The response of a new and radical school of economic thought, the ecological economists, led by Herman Daly of the University of Maryland, is that we need to change the goal of economics from ‘growth’ to ‘development’. Growth, as measured by increasing GDP, includes increased throughput of natural resources plus increased productivity in the use of all resources. Development, as defined by the ecological economists, aims for no increase in the throughput of natural resources but still permits increased productivity.

(Economists define increased productivity as achieving more output of goods and services from the same quantity of inputs of economic resources—land, labour, capital and raw materials. This amazing achievement, which market economies perform year after year and which is the primary source of 200 years of rising real incomes per person, occurs mainly because of advances in technology, including improvements in know-how as well as in machines.)

Thus some increase in GDP would still occur in the ecological economists’ better world, but none that increased the burden of the economy on the ecosystem. The managers of the economy would still pursue greater efficiency in the allocation of resources, the source of rising productivity. With the right constraints, greater productivity in the use of natural resources—that is, everything except human labour and man-made capital equipment and structures—could be used to reduce our throughput of natural resources, not just hold it steady, without this reducing our living standards.

The many conventional economists who accept the scientists’ advice that the globe’s greenhouse gas emissions need to be greatly reduced if we are to limit the extent of global warming advocate the use of ‘economic instruments’ such as a carbon tax or an emissions trading scheme as the least inefficient way to achieve the necessary reduction in emissions. Herman Daly and his ecological economists would make extensive use of ‘cap-and-trade’ arrangements to limit the quantity of natural resources being used.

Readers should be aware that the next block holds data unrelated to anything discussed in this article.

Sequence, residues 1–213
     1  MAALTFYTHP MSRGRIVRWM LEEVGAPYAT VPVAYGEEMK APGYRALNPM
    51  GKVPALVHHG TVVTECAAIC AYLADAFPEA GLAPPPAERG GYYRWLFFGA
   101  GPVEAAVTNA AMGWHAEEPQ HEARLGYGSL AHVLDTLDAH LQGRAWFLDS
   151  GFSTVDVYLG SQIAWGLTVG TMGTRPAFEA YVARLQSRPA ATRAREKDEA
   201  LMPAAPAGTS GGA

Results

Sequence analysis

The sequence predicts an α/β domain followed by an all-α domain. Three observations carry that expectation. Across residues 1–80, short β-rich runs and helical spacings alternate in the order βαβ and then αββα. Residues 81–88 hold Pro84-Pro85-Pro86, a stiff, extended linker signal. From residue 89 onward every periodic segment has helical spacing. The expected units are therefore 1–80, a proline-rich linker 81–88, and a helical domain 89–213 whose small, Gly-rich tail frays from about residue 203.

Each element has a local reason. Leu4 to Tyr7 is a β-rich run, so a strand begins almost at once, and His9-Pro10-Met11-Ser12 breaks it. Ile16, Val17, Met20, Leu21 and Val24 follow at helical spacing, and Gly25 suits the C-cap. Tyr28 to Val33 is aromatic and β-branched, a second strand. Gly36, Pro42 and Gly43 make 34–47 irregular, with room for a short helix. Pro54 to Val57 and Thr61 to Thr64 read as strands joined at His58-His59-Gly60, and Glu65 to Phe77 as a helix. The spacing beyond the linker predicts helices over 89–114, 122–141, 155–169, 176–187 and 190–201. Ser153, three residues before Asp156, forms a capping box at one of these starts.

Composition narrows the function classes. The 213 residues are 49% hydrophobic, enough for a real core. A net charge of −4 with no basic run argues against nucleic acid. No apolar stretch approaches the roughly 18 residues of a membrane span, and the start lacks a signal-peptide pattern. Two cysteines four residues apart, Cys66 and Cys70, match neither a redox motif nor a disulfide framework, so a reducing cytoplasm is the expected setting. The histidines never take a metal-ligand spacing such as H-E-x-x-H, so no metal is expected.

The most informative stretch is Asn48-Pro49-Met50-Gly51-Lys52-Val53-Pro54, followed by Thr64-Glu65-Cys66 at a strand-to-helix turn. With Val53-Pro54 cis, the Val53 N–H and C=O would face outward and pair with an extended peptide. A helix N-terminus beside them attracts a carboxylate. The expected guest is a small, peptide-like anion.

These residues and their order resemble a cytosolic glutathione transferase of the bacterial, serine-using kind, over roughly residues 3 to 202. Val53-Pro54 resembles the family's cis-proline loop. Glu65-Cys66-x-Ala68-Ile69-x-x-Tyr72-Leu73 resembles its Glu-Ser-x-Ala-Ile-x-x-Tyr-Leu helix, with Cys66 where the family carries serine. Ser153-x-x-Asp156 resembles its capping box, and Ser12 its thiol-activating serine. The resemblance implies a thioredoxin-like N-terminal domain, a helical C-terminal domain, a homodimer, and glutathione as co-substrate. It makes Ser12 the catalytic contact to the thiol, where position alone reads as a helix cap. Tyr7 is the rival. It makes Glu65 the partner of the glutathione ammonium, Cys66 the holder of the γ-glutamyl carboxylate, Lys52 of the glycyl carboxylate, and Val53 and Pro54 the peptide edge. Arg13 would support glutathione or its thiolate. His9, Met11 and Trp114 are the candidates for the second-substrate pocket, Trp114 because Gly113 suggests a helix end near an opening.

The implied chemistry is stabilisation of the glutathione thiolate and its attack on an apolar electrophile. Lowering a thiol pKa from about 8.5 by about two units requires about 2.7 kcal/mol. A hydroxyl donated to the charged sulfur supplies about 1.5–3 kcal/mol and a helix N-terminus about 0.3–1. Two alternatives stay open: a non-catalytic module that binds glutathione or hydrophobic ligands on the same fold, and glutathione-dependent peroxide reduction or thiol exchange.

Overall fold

This would force up the prices of natural resources—and the cost of goods and services whose production relied on those resources—relative to the prices of everything else, a design feature that reflected our changed definition of the ‘problem of scarcity’. As with carbon emissions, raising the relative prices of natural resources encourages consumers and businesses to economise in their use, recycle them and look for substitutes, as well as creating a monetary incentive for searching out technological solutions. These price increases would disadvantage low income-earners but, because cap-and-trade systems are a form of taxation provided governments sell rather than give away the permits to use natural resources, the additional government revenue can be used to compensate the disadvantaged.

As I mentioned earlier, I believe governments can, should and do seek to increase national happiness, or ‘aggregate happiness’ as a macro-economist might put it. All governments would say their goal is to increase the wellbeing of the community and under this heading almost all of them are committed to the pursuit of economic growth. Why? Because they believe a higher material standard of living will make their people happier. So the problem is really their unduly narrow definition of ‘wellbeing’. It puts too much emphasis on material wellbeing, with other aspects of objectively measurable wellbeing (including such things as health, education and the natural environment) usually not receiving sufficient attention, and subjective wellbeing coming a distant last.